Melničáková et al. (2003)

R. helvetica/23S rRNA

Rickhelv.170p

Rickhelv.147f

Rickhelv.211r

6FAM-AACCGTAGCGTACACTTA-MGBNFQ

TTTGAAGGAGACACGGAACACA

TCCGGTACTCAAATCCTCACGTA

Boretti et al. (2009)

Coxiella burnetii/com1

CBCOS

CBCOE

GCTGTTTCTGCCGAACGTAT

AGACAACGCGGAGGTTTTTA

Špitalská et al. (2003)

Rickettsia-positive amplicons which were simultaneously negative for R. helvetica by TaqMan PCR were purified and analysed by sequencing both DNA strands by Macrogen (The Netherlands; http://www.macrogen.com). DNA sequences were compared with available databases in GenBank using the Basic Local Alignment Search Tool (BLAST) on http://blast.ncbi.nlm.nih.gov/.

Data and statistical analysis

We determined tick infestation prevalence (P), intensity of parasitization (I), standard deviation (SD), median (Med) and interquartile ranges (IQR). Tick infestation prevalence is the proportion between the number of birds with ticks and the number of captured birds. Intensity of parasitization is the number of ticks per infested bird. Differences in the tick infestation prevalence on birds between study sites and groups of birds and in the prevalences of pathogens in tick larvae and nymphs between study sites were analysed by Fisher’s exact test (α = 0.05) using Past v.2.17b software (Hammer et al. 2001).

Results

Tick infestation of birds

During this study, 347 birds (59 in suburban area, Bratislava; 167 in natural area, Prievidza; 121 in natural area with ornithological station, Drienovec) representing 43 species from 19 families were captured (Table 1). Overall, the most frequently captured bird species was the Eurasian blackcap (17.3 %). Per site, the most frequently captured bird species were the great tit (42.4 %), Eurasian blackcap (16.2 %) and European robin (34.7 %) in Bratislava, Prievidza and Drienovec, respectively.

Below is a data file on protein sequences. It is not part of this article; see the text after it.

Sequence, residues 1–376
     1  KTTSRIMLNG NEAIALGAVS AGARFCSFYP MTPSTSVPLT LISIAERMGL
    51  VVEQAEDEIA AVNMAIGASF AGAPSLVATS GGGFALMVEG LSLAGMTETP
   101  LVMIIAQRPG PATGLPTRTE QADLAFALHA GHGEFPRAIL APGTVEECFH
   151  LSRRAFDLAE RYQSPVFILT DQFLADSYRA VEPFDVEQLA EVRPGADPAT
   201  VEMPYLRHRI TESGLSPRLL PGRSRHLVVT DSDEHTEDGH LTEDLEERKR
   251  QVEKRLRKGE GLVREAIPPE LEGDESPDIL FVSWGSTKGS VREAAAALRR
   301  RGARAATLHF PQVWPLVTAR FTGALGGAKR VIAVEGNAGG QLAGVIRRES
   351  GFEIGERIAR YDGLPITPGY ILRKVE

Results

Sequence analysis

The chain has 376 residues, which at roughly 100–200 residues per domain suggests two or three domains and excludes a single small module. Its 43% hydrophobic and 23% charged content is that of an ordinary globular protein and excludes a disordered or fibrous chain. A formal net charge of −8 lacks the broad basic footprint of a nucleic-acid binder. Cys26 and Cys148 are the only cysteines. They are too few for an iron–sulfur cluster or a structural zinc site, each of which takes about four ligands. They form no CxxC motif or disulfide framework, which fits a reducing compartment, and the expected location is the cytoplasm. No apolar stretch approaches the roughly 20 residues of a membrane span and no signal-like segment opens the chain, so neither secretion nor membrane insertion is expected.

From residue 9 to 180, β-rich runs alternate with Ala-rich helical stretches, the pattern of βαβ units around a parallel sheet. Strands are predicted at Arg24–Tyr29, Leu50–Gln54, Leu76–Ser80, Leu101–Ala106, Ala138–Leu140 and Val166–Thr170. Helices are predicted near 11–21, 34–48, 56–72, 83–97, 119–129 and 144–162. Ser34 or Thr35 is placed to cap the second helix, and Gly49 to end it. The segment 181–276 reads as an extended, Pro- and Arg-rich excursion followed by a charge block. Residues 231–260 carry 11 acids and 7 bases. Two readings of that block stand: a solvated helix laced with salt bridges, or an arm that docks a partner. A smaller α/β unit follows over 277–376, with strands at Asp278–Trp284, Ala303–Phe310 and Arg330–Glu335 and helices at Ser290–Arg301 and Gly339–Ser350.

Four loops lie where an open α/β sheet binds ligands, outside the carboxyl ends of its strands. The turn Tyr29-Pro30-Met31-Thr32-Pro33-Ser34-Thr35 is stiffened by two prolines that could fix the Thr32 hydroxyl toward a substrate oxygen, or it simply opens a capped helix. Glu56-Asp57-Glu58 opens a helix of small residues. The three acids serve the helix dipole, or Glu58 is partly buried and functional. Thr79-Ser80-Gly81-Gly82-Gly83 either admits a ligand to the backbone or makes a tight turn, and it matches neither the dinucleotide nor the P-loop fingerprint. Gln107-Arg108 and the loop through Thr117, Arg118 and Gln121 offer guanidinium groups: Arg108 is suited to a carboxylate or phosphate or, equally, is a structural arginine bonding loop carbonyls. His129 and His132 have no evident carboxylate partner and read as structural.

In total, 594 I. ricinus specimens were collected from 92 birds representing 16 species. No other tick species was found. A total of 451 larvae was collected from 70 birds representing 15 species. A total of 142 nymphs was collected from 49 birds of 12 species. A female I. ricinus was removed from Eurasian Nuthatch. The overall number of ticks removed from one bird ranged from 1 to 42. Twenty-six birds (28.3 %) were infested with one tick, 66 of tick-infested birds (71.7 %) were infested with two or more ticks. In total 21 birds (22.8 %) of nine species were coinfested with nymphs and larvae.